And I know that I too carry each of those strengths and every one of those burdens in my own gut. I can feel them. They're so heavy.

I believe that more often than not women find themselves wanting daughters (and men, sons) either because of or in spite of their own maternal relationships. It's usually clear that the new mom is intent on duplicating her own relationship with her own daughter or on wiping the slate clean and fixing the mistakes she feels she suffered at her own mother's hands. My mom, desperate for a girl when I was in utero, obviously had some perceived wrongs to right - she's told me as much growing up, priding herself on how different she was with me. But I hear her complaints about her mother and I feel as though a mirror is being held just inches from my own nose. But she would never see it. Never admit it.

I too have always wanted a daughter. Always. Always. But in all my soul searching, regardless of how deeply I've dug, I haven't been able to determine whether I hope to correct the mistakes she clearly made or whether I yearn for a similarly passionate and deep relationship with my own child. Simply stated, at 30 years old I still do not know if I love my mother or loathe her. But I've always known that I too, want the opportunity to have my daughter ask herself that same question someday, painful though I'm sure it would be for me to hear. It's a conflict that runs deep in many a woman's soul, I'm certain.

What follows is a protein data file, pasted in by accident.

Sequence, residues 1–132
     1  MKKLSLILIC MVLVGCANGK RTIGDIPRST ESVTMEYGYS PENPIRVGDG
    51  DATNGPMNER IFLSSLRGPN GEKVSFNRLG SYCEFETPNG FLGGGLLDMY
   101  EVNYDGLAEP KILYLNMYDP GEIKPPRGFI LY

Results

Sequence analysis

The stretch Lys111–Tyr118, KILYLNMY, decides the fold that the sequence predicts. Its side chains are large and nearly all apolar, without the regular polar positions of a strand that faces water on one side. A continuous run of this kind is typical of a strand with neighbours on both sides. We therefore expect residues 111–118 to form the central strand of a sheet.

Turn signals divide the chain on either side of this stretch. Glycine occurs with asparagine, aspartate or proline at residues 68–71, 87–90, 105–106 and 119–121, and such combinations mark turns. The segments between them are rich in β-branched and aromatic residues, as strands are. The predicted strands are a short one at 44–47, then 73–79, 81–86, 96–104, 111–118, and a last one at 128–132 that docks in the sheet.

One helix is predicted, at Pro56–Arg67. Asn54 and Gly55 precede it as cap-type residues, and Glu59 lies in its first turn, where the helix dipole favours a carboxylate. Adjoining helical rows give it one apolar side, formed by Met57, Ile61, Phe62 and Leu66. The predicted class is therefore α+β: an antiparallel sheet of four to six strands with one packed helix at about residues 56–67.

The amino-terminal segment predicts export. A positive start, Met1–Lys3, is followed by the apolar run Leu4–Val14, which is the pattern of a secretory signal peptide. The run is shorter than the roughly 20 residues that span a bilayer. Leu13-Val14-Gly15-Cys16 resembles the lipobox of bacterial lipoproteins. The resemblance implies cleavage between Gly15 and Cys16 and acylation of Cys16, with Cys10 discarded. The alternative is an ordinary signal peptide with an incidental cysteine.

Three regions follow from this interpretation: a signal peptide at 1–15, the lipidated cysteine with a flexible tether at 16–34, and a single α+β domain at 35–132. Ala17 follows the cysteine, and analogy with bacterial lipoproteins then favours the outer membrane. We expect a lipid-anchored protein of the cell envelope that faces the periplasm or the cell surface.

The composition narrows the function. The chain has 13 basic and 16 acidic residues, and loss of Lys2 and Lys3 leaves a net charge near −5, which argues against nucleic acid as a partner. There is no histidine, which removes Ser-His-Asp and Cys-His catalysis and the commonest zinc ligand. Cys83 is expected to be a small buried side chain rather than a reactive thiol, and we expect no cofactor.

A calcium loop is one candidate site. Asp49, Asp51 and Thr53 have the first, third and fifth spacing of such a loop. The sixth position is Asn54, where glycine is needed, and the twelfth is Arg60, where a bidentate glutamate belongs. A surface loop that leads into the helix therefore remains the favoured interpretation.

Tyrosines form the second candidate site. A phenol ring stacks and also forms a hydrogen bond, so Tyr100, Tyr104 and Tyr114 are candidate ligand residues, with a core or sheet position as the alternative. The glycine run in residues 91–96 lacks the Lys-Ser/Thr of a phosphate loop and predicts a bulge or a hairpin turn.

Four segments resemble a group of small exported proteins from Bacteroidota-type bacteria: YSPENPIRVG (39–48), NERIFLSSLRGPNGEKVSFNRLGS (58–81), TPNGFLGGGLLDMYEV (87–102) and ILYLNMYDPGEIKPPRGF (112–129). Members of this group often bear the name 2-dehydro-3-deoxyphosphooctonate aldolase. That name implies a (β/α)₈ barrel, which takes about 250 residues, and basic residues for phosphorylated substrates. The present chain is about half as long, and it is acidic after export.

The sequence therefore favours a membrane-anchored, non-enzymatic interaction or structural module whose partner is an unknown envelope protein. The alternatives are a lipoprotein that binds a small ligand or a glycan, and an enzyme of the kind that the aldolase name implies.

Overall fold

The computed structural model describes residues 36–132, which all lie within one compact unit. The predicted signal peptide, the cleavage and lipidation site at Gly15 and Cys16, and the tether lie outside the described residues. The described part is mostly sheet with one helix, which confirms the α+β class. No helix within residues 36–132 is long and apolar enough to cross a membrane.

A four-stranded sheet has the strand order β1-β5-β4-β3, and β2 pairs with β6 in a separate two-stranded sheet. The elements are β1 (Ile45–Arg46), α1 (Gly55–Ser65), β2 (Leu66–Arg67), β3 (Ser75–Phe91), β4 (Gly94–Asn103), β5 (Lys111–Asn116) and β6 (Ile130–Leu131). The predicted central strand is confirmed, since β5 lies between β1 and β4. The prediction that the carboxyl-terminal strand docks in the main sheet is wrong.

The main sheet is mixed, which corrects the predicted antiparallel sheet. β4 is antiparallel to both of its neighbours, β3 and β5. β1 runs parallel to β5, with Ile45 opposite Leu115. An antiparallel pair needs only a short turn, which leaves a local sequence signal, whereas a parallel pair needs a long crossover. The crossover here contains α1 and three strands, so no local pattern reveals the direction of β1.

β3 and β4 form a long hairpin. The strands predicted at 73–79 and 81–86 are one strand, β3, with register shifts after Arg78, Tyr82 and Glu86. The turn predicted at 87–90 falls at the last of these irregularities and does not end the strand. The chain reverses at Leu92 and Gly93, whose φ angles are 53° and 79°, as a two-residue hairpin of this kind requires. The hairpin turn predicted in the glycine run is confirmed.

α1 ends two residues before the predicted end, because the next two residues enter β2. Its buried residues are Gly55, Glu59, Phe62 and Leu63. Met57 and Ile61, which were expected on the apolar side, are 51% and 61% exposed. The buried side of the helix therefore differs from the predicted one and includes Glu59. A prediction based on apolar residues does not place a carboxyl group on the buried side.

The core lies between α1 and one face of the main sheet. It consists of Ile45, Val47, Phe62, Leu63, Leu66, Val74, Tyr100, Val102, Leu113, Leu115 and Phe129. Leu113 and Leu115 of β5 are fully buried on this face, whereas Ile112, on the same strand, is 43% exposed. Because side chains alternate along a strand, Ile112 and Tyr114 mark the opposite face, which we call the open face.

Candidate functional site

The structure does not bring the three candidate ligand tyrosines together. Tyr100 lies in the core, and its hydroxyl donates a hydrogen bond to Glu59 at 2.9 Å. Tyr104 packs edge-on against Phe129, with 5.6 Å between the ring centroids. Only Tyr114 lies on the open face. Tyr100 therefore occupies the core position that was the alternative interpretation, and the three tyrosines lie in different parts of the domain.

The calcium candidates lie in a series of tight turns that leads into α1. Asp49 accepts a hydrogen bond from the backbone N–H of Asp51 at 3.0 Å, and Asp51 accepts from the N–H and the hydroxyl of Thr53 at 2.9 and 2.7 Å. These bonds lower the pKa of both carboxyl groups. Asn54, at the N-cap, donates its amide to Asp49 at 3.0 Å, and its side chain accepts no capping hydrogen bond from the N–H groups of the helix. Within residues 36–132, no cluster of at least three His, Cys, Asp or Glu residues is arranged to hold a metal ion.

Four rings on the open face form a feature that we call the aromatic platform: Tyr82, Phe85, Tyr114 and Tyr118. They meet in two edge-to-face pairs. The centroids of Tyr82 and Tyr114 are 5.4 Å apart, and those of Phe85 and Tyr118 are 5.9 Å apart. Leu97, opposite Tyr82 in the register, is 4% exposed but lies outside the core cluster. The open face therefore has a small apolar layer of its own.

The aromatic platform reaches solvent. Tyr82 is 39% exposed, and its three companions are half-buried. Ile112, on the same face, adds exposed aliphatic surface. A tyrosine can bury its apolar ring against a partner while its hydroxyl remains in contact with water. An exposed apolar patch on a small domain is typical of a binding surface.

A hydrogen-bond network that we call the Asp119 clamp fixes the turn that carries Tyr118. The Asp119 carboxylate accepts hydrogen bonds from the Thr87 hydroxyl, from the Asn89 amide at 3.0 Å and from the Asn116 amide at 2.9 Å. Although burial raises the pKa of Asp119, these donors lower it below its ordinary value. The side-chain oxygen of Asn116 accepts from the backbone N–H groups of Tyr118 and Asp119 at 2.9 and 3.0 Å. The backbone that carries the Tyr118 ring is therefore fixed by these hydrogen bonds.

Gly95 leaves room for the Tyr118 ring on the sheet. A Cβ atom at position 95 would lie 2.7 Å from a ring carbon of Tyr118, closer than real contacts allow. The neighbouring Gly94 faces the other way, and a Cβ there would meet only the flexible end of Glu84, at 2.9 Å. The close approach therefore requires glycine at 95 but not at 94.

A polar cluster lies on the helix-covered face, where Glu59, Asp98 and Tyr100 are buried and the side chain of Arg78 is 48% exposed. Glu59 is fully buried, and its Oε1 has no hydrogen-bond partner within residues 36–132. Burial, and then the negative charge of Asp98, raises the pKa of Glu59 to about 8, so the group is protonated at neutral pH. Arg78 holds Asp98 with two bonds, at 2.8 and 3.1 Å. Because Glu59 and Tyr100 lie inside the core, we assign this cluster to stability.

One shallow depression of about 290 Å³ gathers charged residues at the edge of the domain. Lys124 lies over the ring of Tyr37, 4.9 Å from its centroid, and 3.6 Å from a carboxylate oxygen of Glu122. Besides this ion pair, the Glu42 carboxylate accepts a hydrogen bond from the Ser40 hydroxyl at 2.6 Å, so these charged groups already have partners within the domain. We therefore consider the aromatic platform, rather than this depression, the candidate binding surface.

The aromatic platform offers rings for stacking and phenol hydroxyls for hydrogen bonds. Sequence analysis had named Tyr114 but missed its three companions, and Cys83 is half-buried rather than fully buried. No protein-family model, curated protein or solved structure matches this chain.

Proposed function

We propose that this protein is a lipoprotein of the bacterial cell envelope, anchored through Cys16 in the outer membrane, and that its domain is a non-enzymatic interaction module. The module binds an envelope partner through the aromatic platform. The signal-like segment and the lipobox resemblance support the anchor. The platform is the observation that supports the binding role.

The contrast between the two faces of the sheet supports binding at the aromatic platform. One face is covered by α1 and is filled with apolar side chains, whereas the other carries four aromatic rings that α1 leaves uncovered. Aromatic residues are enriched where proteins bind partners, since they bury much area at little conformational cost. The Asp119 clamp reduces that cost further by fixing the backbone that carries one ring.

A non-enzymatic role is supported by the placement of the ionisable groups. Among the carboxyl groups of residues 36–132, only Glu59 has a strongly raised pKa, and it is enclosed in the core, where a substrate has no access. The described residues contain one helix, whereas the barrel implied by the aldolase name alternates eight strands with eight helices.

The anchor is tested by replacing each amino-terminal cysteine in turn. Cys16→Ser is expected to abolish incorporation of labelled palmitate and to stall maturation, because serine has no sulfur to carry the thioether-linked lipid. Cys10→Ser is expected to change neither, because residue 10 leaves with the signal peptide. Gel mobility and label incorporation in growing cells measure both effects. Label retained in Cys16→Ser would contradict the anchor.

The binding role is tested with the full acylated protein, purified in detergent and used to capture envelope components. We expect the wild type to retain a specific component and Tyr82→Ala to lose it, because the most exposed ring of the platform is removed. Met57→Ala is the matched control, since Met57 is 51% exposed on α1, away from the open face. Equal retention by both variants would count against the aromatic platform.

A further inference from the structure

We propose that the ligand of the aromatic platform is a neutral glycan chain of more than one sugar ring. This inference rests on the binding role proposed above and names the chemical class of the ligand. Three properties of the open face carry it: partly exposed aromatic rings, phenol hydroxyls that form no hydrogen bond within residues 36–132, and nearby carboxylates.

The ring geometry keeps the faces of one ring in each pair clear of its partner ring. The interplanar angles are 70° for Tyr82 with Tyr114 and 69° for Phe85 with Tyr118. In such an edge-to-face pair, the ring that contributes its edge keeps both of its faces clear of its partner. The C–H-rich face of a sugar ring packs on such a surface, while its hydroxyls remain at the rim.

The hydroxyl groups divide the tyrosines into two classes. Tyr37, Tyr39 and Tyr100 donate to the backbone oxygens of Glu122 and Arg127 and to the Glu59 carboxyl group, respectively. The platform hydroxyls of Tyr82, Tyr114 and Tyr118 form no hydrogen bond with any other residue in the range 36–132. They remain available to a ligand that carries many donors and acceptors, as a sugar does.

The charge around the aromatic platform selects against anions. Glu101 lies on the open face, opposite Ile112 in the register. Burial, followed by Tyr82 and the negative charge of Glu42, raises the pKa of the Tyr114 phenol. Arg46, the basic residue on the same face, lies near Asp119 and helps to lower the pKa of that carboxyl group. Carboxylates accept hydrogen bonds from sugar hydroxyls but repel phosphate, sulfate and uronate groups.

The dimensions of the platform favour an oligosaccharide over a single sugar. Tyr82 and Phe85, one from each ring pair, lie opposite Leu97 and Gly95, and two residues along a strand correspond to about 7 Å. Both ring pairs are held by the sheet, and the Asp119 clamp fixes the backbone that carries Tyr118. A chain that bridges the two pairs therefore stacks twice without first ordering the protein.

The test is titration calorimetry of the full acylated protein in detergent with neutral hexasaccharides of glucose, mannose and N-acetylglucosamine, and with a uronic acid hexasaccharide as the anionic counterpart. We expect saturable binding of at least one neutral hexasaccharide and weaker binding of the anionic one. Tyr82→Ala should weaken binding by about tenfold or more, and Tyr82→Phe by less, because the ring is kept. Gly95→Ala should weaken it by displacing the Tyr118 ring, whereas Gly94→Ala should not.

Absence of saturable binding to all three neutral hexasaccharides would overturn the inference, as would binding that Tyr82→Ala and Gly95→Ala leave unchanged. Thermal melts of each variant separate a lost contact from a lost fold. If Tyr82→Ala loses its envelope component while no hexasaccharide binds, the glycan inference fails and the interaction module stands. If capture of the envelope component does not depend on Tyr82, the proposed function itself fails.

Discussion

And so the universe has taken pity on me. Removed from the picture any fears of reliving the sins that were thrust upon me. The universe has, it appears, given my baby a penis.

I expected in that moment, when the pointy part was clear and we heard the ultrasound tech say "it's a boy!" to feel disappointment. I prepared myself for the inevitablity that I would need to adjust to the fact that I was looking at soccer balls rather than debutante balls. But I surprised myself when at those words I felt nothing but pride, joy and excitement about the little man growing in my womb. The world wasn't closed on me in that moment, my options weren't limited. I became a mom with a son who I loved.